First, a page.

John was a well seasoned engineer looking for a new job. He entered the interview feeling confident that his resume was strong enough to land him the job. Then the interview began, and the panel's first question was: "Tell us about your most impressive contribution that you've made at your current company." John simply froze. He couldn't think of a good example in those few seconds and realized he'd lost the job by not being better prepared.
Expect Situational Questions
More employers today, especially Fortune 500 companies, are using a difficult interview style of questions to weed out job candidates. My career counseling clients say these "behavioral" or "situational" questions are the hardest type to answer. If you are not ready for them, it's easy to make a fatal error.
The interviewer uses a probing style to ask questions seeking very specific examples of your actions in a work situation. These questions begin with these phrases: "Tell me about a time ...", or "Describe ...", or "Give me an example ..." The interviewer is looking for details of your past abilities and how you acted in a specific work situation. The correct answers offers specific details, a clear specific illustration of what the problem or situation was, where it took place and the RESULTS you personally achieved. The interviewer often then rates each response to determine how well you reacted to these situations in the past, as a way to predict your future performance with their company.
Here are several questions that my career counseling clients were recently asked in their job interviews:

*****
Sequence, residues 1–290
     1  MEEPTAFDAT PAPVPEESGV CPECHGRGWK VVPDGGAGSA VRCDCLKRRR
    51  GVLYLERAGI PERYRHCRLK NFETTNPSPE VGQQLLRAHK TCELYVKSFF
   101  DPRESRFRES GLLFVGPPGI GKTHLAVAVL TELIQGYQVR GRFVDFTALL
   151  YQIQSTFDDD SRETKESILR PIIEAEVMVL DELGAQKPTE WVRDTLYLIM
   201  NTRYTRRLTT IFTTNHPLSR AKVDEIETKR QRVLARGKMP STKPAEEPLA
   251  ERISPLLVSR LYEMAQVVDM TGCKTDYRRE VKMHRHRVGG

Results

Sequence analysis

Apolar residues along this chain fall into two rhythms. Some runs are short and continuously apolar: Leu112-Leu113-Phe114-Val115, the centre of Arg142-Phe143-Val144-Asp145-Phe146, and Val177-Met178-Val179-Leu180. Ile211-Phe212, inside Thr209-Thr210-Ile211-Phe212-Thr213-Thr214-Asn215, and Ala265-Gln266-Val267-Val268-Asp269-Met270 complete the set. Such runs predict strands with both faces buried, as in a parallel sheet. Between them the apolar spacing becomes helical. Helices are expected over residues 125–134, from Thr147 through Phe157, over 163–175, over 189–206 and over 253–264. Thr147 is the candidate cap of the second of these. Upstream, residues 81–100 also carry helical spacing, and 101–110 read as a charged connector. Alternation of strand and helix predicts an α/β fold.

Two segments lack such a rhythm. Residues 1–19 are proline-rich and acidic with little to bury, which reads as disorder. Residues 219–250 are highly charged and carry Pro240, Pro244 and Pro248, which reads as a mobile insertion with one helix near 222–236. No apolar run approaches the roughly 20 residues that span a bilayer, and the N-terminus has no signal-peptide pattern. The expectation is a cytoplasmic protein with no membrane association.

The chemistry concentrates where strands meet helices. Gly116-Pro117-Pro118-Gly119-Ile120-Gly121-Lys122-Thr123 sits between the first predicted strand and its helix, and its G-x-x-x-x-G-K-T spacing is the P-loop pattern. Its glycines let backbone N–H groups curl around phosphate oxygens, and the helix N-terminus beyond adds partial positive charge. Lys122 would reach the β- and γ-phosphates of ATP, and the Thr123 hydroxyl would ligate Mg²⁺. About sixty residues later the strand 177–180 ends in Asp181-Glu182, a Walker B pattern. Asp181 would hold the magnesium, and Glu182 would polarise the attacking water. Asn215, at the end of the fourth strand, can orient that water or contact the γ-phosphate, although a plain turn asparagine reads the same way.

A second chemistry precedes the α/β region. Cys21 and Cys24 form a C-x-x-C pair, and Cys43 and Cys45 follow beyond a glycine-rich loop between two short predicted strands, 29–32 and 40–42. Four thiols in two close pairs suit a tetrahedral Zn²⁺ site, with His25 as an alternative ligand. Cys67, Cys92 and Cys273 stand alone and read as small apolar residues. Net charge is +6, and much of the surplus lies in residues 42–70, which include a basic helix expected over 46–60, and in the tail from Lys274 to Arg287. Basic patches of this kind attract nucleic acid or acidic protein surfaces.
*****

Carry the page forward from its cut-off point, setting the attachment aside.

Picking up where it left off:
- "Tell us how diversity plays a role in your current job."
- "Describe a recent conversation in which your current/last boss complained about an area of your performance."
- "Tell us about a difficult Co-worker you had to manage. "
- "Describe the worst boss you've ever worked under."
- "Describe what you have been doing since you've been unemployed?"
- "Tell us about the parts of your current/last job did you dislike?"
Here are my guidelines to successfully answering these kinds of interview questions:
- Prepare in advance. Think of a few examples you could use if asked these kinds of situational questions.
- Your first thought is often NOT the best example to use to make you look good to the employer. So select the example carefully.
- Offer specific details - who is involved, where did this happen, what was the problem, and HOW did you resolve it
- Give short, concise, specific answers that never exceed 60 seconds
- Answering the question fully and correctly while remaining positive.
- Do not degrade your former boss - speak in terms of his/her behavior but do not say negative things like: she was lousy, awful manager, etc.
For more help, review anticipated questions beforehand and jot down your answers before the interview starts. In the book "60 Seconds & You're Hired!" you'll find answers to many of the hardest and trickiest situational questions interviewers may ask.
- Robin Ryan
Copyright 2012 Robin Ryan. All rights reserved.
Oprah's job search expert is Robin Ryan, a career counselor providing job search, resume writing, and interview coaching services to clients nationwide. She is the best-selling author of:"60 Seconds & You're Hired!", "Soaring On Your Strengths", "What to Do with the Rest of Your Life", "Winning Resumes","Winning Cover Letters", and her newest book, "Over 40 & You're Hired".